Head uncovered, in sunglasses and Western clothes, this is Shamima Begum six years after she shocked the nation by running away to join ISIS in Syria.
British-born Ms Begum, 21, agreed to be photographed, but refused to be interviewed, in a detention camp in Syria, where she faces an uncertain future after losing her right to return home.
The Supreme Court last month blocked her return to the UK to appeal against the loss of her citizenship.
Human rights campaigners have branded the court decision a “disgrace”.
Sculptor Sir Anish Kapoor, who designed the Orbit tower in the Olympic Park in London, said the ban was a: “disgraceful indictment of our national conscience”.
Ms Begum was 15 when she left her home in Bethnal Green, East London, with two other schoolgirls, and travelled to Syria to join another friend, who was already in the Islamic State.
Sir Anish, 67, said: “Imagine that four young white schoolgirls from Wiltshire were enticed to go to Syria and join Isis.
“Would they be seen as terrorists or victims of terrorists?
“We have no doubt that we would be demanding that no expense be spared and not a moment wasted in having them returned to the safety of their homes in England.”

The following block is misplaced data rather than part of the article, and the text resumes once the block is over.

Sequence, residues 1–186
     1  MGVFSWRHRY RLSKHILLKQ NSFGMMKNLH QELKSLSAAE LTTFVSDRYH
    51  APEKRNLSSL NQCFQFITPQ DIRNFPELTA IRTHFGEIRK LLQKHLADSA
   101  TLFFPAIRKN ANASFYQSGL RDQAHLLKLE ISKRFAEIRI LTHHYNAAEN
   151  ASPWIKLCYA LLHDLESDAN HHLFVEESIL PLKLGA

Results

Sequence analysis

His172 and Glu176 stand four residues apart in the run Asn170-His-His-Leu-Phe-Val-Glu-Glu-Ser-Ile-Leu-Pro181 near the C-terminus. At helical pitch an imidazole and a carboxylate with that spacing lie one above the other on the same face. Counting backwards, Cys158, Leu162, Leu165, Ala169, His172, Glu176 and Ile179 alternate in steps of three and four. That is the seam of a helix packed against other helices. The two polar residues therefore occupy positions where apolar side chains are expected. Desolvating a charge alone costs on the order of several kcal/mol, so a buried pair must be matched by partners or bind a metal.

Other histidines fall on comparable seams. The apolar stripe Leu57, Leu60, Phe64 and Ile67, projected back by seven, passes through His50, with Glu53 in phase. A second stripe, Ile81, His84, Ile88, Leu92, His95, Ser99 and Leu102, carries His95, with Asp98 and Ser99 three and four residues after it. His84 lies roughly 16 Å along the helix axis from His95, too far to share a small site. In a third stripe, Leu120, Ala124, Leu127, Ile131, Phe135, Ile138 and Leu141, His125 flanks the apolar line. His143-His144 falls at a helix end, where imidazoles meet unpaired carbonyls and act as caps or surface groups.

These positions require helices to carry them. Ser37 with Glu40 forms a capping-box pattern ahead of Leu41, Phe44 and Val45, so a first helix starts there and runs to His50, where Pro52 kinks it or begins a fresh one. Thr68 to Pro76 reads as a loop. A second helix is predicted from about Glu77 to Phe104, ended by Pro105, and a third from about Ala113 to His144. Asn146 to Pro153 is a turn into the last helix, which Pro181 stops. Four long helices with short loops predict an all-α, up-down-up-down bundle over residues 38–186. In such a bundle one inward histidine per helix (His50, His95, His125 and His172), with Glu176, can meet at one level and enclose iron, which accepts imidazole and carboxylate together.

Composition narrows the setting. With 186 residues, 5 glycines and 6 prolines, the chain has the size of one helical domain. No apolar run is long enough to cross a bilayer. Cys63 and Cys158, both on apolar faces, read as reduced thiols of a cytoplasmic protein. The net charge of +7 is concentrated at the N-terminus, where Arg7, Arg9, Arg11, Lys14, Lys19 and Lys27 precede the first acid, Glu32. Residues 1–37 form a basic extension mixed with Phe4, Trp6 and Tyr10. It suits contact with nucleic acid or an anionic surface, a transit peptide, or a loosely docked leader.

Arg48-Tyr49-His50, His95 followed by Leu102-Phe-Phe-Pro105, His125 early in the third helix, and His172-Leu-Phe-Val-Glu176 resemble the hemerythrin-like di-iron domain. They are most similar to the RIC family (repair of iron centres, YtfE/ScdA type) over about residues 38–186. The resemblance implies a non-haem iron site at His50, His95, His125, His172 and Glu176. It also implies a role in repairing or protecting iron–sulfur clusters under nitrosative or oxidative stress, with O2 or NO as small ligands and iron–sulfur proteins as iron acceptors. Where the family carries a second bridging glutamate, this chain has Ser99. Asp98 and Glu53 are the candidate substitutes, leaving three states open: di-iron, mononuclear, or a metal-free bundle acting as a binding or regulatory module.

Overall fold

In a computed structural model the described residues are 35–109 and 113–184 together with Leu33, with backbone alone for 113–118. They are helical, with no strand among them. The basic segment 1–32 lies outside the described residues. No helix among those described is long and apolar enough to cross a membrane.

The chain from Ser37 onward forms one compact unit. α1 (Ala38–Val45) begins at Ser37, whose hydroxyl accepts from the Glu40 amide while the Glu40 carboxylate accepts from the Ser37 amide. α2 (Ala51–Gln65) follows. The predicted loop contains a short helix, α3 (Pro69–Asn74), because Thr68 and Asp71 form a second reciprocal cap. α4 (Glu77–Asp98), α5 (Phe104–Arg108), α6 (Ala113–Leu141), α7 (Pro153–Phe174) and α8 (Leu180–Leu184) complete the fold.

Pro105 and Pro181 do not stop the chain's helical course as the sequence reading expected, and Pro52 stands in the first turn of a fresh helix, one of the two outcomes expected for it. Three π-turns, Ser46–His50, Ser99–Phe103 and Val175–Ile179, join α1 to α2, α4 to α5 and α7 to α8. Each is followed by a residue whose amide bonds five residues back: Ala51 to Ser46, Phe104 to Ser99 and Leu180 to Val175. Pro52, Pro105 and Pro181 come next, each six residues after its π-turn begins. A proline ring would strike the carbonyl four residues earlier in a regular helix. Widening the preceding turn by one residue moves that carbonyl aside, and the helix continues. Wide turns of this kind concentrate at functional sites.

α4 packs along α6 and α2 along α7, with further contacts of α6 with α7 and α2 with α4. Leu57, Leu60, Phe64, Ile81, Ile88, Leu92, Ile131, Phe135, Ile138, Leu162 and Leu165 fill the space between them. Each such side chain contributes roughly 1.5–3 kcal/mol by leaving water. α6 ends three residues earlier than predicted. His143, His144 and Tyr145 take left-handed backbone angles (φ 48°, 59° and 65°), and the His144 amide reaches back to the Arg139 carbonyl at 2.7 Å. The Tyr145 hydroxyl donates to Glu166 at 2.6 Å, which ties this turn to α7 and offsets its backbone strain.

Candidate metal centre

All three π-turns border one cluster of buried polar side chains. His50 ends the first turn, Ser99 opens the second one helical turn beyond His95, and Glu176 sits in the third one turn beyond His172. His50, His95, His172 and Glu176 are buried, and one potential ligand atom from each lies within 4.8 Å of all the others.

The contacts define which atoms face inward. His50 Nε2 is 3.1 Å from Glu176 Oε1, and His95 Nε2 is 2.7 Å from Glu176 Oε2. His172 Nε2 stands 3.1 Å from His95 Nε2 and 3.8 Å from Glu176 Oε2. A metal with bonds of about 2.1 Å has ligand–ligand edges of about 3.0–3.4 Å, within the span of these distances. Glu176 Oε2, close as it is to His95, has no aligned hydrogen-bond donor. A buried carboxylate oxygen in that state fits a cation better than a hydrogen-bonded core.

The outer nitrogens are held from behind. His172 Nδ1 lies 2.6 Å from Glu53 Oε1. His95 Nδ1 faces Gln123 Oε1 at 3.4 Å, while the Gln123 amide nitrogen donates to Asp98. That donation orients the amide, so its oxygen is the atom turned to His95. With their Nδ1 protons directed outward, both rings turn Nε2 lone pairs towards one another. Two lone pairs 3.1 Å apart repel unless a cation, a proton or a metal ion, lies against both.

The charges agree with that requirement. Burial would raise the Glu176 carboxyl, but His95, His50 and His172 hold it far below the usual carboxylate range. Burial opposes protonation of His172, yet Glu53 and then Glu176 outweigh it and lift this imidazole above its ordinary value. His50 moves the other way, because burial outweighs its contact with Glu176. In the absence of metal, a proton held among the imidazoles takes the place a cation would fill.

But Colonel Richard Kemp, former commander of British forces in Afghanistan, said: “There are plenty of examples of people who are not of colour and who are terrorists being treated in the same robust fashion.
“This is not about race, it is about protecting UK citizens from the horror of terrorism.” He cited the case of “Jihadi Jack” Letts, 26, who had his citizenship revoked after allegedly joining ISIS.
Within days of arriving in Syria, Ms Begum was married to Dutch-born jihadist Yago Riedijk, a convert to Islam.
She has since had three children, all of whom died, and has been locked up in two Kurdish-run detention camps in north-east Syria, following the defeat of ISIS.